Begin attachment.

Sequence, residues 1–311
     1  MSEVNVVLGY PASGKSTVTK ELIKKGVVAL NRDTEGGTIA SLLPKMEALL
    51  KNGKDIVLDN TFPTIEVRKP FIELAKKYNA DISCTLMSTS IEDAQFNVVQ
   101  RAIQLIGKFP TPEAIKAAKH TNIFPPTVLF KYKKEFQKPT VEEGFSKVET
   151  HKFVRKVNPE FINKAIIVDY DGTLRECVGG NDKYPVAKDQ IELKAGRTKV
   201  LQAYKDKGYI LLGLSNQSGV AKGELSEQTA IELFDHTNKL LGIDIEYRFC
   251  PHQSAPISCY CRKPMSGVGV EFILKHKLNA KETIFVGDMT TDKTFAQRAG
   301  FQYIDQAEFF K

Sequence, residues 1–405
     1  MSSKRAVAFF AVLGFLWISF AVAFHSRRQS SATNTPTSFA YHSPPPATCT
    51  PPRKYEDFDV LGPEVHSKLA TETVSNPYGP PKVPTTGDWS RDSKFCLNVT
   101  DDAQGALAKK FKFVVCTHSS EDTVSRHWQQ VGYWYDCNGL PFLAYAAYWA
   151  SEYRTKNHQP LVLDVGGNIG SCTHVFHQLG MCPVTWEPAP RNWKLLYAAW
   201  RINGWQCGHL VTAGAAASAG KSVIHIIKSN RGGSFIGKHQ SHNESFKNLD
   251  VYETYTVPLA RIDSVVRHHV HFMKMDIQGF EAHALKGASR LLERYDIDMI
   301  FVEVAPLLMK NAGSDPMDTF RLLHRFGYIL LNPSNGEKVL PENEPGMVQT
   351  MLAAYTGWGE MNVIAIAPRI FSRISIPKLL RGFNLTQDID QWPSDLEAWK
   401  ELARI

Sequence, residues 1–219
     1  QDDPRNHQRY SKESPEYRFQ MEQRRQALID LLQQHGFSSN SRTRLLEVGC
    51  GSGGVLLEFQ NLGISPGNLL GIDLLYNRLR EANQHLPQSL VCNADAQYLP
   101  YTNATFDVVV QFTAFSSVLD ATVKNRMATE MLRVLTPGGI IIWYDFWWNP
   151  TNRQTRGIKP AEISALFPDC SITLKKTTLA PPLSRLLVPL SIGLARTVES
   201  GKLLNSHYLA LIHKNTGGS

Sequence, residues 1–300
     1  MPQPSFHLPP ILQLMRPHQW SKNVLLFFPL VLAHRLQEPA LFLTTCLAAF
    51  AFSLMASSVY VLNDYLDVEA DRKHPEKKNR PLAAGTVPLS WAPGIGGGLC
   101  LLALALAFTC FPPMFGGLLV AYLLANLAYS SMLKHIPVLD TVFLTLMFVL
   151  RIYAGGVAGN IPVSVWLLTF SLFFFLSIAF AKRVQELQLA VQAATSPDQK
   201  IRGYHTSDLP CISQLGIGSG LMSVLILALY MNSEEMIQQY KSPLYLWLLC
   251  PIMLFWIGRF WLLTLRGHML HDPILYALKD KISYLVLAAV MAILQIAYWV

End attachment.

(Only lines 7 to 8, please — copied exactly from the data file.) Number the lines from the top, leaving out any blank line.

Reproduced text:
   251  PHQSAPISCY CRKPMSGVGV EFILKHKLNA KETIFVGDMT TDKTFAQRAG
   301  FQYIDQAEFF K